How to Handle the ‘Big Data Dilemma’ In 2018

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In this special guest feature, Larry Skowronek, VP Product Management at NICE, advises that defining your Big Data goals will help ensure that you have the right technology, tools and processes in place to manage that data. Larry is responsible for the research and development of the overall market strategy, product strategy, and development roadmap for NICE Nexidia’s Customer Engagement Analytics solutions. With experience from workforce optimization and CTI to real-time reporting an d monitoring to SaaS contact center, Larry developed a keen understanding of the best practices for managing the evolving contact center. He has put specific focus on leveraging the contact center as a value-adding business function, which contributes directly to a company’s achievement of strategic and corporate objectives.

It’s no secret that modern enterprises collect a massive amount of information on their customers, yet often lack the tools and ability to manage it successfully. In many cases, customer data is siloed off and utilized in a way that only benefits specific departments, but what if all internal data was used effectively to impact the bottom line?

Unfortunately, accomplishing the task of streamlining data across a company can be difficult to execute. A recent survey from New Vantage Partners found that 85 percent of companies are striving to be data-driven, but only 37 percent feel they’ve implemented a successful data-driven model. While most businesses understand the impact data-driven insights can have on their bottom lines, Big Data is useless without a holistic approach and the tools to cultivate and shape that data.

How Big is Big Data?

Big Data is no longer a luxury; it’s a business need, especially when it comes to customer service. Customers are frequently communicating with businesses across a variety of platforms (emails, surveys, social media, etc.) and they expect a seamless journey across all of these touch-points. To ensure a seamless journey, businesses should be tracking and analyzing all these sources. Unfortunately, that’s not always the case: there is an estimated 2.7 Zetabytes of data that exists in today’s digital world, yet only 0.5 percent of this data is being analyzed.

Before the influx of data is even addressed or analyzed, companies need to think about how they want to utilize the data that is available. For example, if a company thinks it is losing customers due to the launch of a competitor’s product, they can research the data points that are most relevant and draw insights about how to increase their competitive edge. Defining your Big Data goals will help ensure that you have the right technology, tools and processes in place to manage that data.

Create a Data-First Culture

Over the past few years, more companies have invested in Big Data solutions and implemented data-driven cultures. At the end of 2017, the business intelligence and analytics market was worth $18.3 billion. Today, it’s imperative that organizations treat Big Data as a part of their culture and implement programs to educate employees on its values. Employees should understand that Big Data should be considered a way of doing business rather than a button you push to gain insights. With an actionable approach, and the cultivation of an analytics-first culture, data will become a valuable part of your employee’s day-to-day operations. Decisions they make will be in part or in whole based on insights gleaned from both the past and real-time as Big Data systems become more enmeshed.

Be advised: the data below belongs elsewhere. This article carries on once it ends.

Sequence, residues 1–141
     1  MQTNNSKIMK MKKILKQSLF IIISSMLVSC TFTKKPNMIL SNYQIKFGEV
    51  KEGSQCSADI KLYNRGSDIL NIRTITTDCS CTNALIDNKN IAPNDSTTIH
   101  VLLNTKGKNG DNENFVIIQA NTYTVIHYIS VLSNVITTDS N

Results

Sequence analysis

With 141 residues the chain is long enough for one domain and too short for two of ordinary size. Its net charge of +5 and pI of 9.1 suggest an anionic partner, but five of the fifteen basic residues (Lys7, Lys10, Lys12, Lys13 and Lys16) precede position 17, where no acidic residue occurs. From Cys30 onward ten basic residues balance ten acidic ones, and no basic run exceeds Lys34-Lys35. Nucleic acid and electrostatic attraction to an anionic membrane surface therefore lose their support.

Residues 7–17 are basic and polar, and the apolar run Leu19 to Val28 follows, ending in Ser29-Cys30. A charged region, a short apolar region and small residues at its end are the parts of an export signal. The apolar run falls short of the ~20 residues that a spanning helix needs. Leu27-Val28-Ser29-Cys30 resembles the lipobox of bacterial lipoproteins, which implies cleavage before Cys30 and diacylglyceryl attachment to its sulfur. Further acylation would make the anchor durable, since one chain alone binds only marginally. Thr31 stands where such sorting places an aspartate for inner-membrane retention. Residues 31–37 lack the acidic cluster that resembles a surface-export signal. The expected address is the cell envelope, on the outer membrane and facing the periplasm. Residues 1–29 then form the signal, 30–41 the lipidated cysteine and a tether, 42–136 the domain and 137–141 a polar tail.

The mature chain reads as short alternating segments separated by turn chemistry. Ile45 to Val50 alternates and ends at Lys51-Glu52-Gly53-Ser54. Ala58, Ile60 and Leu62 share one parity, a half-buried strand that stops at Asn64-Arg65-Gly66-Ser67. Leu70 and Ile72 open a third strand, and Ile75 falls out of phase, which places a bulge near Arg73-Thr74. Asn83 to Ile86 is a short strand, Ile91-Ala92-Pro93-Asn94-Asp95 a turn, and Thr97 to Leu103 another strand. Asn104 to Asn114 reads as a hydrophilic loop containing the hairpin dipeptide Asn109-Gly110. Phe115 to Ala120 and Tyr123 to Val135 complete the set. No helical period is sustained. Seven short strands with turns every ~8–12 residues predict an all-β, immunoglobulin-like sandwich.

Train and Hire a Data Savvy Team

As companies become more reliant on analytics, they need to ensure their staff has the skills to handle and execute on this data. Investing in leadership is a great way to help employees understand the day-to-day benefit of data. Companies are creating C-level roles of Chief Data Officers (CDOs) and hiring data scientists to demonstrate the value of Big Data. According to a recent survey by IDG, 75 percent of enterprise organizations have deployed or plan to deploy big data projects and as a result, Gartner predicts 90 percent of large global organizations will have a CDO by 2019. In addition to hiring needs, internal trainings for existing employees can aid to institutional knowledge and career growth. Lastly, organizations should identify missing skills and talents in order to tackle Big Data.

Preparing Your Back End to Handle Big Data  

The amount of data available continues to grow and companies need to ensure they have the right infrastructure in place to handle this growth. In particular, companies need to prepare for peak customer service seasons where a greater volume of data is expected. Once peak season has passed, take advantage of the downtime to process and analyze the data. The most valuable back end is one that offers scalability and elasticity. This is opposed to allocating massive amounts of hardware for the peak season only to use a fraction of it the rest of the time, using a cloud services back end (or even a mixture of the two) that can scale as needed can be much more effective.

Looking Ahead

As digital transformation efforts increase in the enterprise, it’s important to consider how creating a culture of Big Data can serve as a complement to new technologies, systems and policies. While it can be an enormous undertaking to integrate new technologies, processes and people, creating a data-driven culture only makes your company more competitive, actionable and connected.


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  1. There was a time when Big Data was looked at as something that businesses could benefit from but didn’t need. This is no longer the case because as more companies embrace it, others will need to do the same in order to remain competitive.